In a career that's taken him from London to Los Angeles, Alex Call will always consider Marin County home. It was on his property in Mill Valley, sitting underneath a plum tree, that Call wrote his most famous song, also the name of his new memoir. 867-5309/Jenny: The Song That Saved Me tells Call's story as the lead singer of Clover, a band that included Huey Lewis and Doobie Brother John McFee.
After gaining a following in San Francisco, the band spent the 1970s primarily in London before disbanding in 1978. It was back home in Marin that Call later wrote 867-5309, a song made popular by Tommy Tutone.
Now Call is a resident of Nashville, but is coming back to Marin for a pair of concerts to celebrate the release of his new book.
"It's a real homecoming gig," Call explains. "I’m going to have the original drummer from Clover, Mitch Howie, playing with me. Gary Vogensen is playing lead guitar. I was playing Gary’s Ovation guitar when I wrote 867-5309."
The events will be both concerts and book signings, with Call talking about his memoir and solo playing songs from across the spectrum of his musical career. He refers to his book as a "rock 'n rollercoaster," chronicling his life in music starting in early 1960s Marin. Call empahiszes that his book is more than just his own story.
"It really covers about thirty years of rock 'n roll, and it's not just a personal account -- it's a look at the times as well. I tried to take readers behind-the-scenes; to give them a backstage pass to what it was like to be in a band at that time: all the ups and downs people go through when you're in showbiz and trying to make records."
Call has referred to Clover as "the band that almost was." Member Huey Lewis went on to form Huey Lewis and the News, while several core members of Clover worked as Elvis Costello's backing band on his critically-acclaimed debut, My Aim is True. Clover played with many of the era's biggest names, including Big Brother and the Holding Company, Lynyrd Skynyrd and Thin Lizzy, but never broke through in a big way themselves.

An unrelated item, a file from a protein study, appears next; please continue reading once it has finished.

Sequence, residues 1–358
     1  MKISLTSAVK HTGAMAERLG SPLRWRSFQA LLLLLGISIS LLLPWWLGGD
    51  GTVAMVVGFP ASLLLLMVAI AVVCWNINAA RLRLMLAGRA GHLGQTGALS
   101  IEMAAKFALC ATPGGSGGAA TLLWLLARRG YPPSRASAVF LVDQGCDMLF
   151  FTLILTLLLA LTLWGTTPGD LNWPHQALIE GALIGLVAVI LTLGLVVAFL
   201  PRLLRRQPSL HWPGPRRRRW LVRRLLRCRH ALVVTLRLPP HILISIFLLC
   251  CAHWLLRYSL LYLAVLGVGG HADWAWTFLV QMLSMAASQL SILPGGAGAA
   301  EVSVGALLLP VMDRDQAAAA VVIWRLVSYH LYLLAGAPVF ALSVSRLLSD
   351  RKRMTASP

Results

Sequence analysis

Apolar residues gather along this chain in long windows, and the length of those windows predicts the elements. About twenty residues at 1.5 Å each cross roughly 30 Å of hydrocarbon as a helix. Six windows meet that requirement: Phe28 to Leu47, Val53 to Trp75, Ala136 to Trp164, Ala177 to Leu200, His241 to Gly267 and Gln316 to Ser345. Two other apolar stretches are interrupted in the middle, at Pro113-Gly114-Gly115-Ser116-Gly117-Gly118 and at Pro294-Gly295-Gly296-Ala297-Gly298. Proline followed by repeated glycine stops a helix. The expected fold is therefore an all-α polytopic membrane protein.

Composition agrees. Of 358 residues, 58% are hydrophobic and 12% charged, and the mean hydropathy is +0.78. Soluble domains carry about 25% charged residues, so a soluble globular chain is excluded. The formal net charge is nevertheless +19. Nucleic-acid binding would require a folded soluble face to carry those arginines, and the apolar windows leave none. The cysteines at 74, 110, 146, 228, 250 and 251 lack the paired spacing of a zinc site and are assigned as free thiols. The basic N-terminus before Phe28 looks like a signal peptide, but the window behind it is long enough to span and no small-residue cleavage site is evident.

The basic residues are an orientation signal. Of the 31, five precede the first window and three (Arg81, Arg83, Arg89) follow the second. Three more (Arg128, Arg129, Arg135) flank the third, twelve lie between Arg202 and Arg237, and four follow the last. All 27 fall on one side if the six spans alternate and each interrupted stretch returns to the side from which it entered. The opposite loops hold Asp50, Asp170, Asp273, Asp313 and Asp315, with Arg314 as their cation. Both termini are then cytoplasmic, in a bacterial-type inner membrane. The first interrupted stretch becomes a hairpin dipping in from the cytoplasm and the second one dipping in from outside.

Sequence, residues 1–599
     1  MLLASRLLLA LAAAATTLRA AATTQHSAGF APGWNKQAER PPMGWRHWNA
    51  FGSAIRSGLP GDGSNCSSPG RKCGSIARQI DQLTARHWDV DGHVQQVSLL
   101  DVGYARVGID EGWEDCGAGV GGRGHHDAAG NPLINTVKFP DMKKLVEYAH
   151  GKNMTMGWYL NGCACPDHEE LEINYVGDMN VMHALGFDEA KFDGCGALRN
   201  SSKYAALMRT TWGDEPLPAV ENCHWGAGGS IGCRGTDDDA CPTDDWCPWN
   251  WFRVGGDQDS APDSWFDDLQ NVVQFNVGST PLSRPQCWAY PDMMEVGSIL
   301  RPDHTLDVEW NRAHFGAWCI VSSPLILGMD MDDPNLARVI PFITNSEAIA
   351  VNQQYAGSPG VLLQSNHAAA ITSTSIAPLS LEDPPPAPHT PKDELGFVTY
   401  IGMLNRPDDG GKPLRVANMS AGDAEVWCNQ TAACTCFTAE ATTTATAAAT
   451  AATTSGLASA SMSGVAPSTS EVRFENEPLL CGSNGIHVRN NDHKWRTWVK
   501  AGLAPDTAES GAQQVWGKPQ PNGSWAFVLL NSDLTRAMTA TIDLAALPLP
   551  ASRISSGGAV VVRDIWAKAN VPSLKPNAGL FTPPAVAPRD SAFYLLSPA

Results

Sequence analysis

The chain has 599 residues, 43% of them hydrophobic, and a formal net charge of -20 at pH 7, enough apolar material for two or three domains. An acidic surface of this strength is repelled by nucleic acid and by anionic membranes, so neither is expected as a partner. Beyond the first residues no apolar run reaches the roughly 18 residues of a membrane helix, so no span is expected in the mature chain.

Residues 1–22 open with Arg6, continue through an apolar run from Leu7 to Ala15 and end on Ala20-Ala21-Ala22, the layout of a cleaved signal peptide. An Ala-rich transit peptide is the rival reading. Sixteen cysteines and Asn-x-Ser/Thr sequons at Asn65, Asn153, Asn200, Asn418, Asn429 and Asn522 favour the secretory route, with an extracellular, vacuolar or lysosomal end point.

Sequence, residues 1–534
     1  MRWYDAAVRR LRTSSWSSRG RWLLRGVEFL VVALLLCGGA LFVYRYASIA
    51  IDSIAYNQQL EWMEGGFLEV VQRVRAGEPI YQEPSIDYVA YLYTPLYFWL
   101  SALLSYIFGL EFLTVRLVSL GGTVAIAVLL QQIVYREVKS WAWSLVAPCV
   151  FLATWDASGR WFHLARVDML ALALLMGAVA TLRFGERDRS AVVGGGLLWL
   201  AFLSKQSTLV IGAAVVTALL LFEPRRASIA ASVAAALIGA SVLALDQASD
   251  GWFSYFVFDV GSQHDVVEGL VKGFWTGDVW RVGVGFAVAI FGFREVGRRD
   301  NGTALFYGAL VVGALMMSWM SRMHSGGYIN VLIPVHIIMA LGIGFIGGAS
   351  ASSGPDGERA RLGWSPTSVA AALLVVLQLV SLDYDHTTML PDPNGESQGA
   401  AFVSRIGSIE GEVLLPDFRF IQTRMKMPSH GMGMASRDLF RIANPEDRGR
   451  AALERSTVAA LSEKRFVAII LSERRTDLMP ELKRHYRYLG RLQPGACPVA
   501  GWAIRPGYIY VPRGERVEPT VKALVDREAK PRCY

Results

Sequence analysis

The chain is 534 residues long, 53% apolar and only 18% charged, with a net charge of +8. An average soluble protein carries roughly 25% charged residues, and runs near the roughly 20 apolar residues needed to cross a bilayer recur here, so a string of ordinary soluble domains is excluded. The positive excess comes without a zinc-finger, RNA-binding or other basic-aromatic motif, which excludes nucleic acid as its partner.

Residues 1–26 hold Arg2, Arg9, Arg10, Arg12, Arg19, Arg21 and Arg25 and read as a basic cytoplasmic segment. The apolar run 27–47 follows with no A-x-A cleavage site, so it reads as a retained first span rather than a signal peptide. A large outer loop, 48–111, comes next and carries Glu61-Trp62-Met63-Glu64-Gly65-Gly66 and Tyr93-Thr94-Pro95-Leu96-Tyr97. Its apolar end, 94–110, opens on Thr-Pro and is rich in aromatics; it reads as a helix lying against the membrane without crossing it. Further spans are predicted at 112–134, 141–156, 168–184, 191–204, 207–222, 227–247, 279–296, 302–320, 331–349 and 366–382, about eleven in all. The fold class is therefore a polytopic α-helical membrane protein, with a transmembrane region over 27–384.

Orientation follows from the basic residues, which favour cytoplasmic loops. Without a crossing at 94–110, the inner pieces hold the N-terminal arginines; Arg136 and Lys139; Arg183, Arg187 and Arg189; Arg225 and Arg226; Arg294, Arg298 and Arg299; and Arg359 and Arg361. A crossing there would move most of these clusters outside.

"Our sum was weaker than our parts," he summizes.
Call was in need of a break when he wrote 867-5309, which quickly reached the top of the Billboard charts. He later wrote Little Too Late for Pat Benetar, and two singles (The Power of Love and Perfect World) for Huey Lewis and the News. Collectively, these singles afforded Call the opprotunity to head his own band, which he toured around with until his eventual move to Nashville.
Now that he's written his memoir, Call currently has several other book projects in the works, including a novel and stories in the genres of fantasy/adventure and baseball. He assures anyone who may be worried that he has every intention of continuing to write and sing songs. He does, after all, owe some of his success to strumming on a guitar in his backyard. Reflecting back on the day he wrote his big single, Call attributes its creation to what he calls "song0writing magic."
"You know, the title came out of thin air. There was no Jenny, there was no 867-5309 – I made it up. It was just one of those lucky things. I wish there was a better story behind it," he said.
Alex Call's Return Home”Book Concert takes place at , 27 Kensington Rd. in San Anselmo. The two shows are scheduled for Oct. 14 and 15, from 7 to 10 p.m. Tickets are $20. For more info, or to purchase tickets, visit: http://www.alexcall.net.